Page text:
SHAMOKIN — As area residents shoveled off their sidewalks and brushed snow off their car windows today, they were hopeful that the heavy snowstorm Tuesday was Old Man Winter’s “last hurrah.” Regional accumulations ranged up to five inches.
“Maybe this is the onion snow,” said one optimistic area resident. “Yet, if it is the onion snow, why didn’t it stick to everything?”
The snow was especially hard to take because in recent weeks the area has enjoyed unseasonable spring-like weather. Basking in the warmth of 70-degree sunshine, some area residents were lulled into the mistaken belief that winter was a thing of the past. Some snow shovels were already stored away in cellars. Some winter coats were placed in mothballs. Tennis rackets and basketballs and kids in roller skates became familiar sights at playgrounds throughout the area.
Then, suddenly it was winter again. Shovels and ice scrapers were brought out for a repeat performance. Winter coats replaced light jackets.
“I was sure winter was over. I was beginning to get spring fever and everything,” said one Shamokin man.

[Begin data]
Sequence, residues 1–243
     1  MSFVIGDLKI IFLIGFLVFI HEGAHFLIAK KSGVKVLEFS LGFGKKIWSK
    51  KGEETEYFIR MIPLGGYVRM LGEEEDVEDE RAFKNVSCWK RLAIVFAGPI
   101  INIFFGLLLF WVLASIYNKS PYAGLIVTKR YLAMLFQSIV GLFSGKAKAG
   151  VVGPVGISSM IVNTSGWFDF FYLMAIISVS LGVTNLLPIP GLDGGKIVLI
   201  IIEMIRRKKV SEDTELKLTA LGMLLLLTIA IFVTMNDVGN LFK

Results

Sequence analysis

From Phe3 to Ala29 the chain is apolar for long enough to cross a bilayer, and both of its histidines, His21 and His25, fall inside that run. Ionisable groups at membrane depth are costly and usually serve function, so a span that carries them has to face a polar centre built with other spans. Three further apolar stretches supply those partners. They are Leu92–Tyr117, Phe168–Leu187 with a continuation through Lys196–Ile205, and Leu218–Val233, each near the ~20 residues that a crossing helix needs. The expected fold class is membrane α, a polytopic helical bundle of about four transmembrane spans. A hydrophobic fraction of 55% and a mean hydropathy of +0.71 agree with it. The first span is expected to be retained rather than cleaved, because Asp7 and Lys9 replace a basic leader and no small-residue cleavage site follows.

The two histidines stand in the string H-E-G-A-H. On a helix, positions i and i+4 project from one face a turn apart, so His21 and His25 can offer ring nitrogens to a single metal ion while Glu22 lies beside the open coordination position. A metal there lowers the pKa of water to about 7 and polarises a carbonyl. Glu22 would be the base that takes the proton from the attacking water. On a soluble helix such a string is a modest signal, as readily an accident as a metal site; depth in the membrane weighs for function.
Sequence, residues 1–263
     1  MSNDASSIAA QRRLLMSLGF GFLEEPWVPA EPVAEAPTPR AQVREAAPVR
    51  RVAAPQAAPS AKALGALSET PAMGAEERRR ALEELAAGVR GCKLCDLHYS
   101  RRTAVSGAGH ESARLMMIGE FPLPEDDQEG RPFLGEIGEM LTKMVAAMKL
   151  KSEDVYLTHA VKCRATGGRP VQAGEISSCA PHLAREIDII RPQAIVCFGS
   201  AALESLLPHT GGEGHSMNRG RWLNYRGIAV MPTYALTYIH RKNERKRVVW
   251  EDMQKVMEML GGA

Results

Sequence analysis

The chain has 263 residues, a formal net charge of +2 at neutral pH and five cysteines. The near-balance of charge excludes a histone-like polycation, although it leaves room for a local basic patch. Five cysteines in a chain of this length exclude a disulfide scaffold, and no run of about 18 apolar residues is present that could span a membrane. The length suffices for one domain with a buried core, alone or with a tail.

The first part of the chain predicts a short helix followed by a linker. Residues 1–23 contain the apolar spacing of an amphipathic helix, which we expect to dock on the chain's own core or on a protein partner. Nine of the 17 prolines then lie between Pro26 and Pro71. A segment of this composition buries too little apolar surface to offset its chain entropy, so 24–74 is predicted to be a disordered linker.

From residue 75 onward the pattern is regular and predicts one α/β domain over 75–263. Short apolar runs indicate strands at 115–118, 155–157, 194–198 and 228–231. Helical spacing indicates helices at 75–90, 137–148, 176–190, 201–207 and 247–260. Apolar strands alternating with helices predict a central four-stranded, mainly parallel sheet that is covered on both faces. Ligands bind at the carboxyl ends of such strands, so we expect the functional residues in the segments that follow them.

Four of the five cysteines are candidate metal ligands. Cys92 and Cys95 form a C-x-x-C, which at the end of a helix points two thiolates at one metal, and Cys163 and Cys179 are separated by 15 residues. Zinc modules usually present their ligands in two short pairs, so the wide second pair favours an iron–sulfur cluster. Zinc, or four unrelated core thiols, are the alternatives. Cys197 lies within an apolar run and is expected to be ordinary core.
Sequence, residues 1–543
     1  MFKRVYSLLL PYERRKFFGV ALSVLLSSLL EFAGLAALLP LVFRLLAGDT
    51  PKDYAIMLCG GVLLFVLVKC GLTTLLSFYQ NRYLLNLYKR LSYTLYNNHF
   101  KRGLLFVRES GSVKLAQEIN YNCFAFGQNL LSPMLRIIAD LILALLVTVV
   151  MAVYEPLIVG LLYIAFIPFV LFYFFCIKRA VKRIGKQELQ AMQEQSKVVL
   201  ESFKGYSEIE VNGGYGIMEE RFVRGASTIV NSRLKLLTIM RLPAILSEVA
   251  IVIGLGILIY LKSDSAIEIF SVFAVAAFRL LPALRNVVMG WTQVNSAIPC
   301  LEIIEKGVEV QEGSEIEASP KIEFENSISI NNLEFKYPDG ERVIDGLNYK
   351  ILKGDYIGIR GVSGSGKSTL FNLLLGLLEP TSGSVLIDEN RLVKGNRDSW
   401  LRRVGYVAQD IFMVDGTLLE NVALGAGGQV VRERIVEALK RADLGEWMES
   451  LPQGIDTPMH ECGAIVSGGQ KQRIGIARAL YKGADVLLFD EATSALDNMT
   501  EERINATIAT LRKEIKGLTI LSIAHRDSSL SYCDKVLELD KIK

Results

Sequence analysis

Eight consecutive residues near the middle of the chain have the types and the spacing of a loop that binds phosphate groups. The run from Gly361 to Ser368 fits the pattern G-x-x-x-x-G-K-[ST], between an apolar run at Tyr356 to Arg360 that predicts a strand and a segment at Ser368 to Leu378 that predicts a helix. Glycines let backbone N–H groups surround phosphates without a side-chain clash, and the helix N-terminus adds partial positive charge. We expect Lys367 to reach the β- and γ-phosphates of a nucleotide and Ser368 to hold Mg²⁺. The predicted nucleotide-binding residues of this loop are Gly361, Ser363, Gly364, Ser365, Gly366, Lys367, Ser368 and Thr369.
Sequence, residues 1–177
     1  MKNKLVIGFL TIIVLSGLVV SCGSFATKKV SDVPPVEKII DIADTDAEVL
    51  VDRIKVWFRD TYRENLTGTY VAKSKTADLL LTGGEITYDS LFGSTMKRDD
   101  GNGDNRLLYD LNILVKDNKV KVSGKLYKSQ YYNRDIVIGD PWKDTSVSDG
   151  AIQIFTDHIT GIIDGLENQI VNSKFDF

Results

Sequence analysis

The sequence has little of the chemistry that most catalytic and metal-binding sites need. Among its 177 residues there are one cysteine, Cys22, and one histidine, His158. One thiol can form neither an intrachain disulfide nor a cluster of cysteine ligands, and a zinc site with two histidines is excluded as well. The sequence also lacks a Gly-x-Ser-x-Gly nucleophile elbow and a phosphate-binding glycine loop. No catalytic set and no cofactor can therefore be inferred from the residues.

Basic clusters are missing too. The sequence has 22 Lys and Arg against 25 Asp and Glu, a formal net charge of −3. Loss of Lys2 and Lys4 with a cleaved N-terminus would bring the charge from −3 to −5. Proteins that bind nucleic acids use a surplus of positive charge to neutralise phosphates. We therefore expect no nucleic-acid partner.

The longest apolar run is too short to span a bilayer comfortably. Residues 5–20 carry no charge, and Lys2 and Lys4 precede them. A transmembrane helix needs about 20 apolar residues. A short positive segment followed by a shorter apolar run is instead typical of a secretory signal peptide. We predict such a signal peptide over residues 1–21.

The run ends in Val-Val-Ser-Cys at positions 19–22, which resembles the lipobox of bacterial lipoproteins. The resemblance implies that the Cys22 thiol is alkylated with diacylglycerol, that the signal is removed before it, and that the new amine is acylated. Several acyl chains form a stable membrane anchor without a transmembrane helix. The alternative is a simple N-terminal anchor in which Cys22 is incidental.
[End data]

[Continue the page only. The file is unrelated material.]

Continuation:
Many people couldn’t believe their eyes as the snow began falling in the early daylight hours Monday morning and continued until last night. It wasn’t that people didn’t have ample warning. Weather reports in newspapers, on the radio, and on television all predicted snow.
“I didn’t think it would amount to anything. I thought we’d just get a few snow flurries,” grumbled one disgruntled snow shoveler.
The geese, which were applauded in recent weeks as messengers of spring, lost much of their prestige in the minds of some people.
“Why didn’t the geese stay down south if we were supposed to get some severe weather? Those birds aren’t as smart as I thought,” said one area man who sighted a flock of geese flying northward a few weeks ago.
Harry Brightbill, superintendent of the Northumberland County District of the Pennsylvania Department of Transportation, reported this morning that as of 8:00 a.m., all primary roads in the county were in “very good” condition. He said that secondary roads had also been plowed.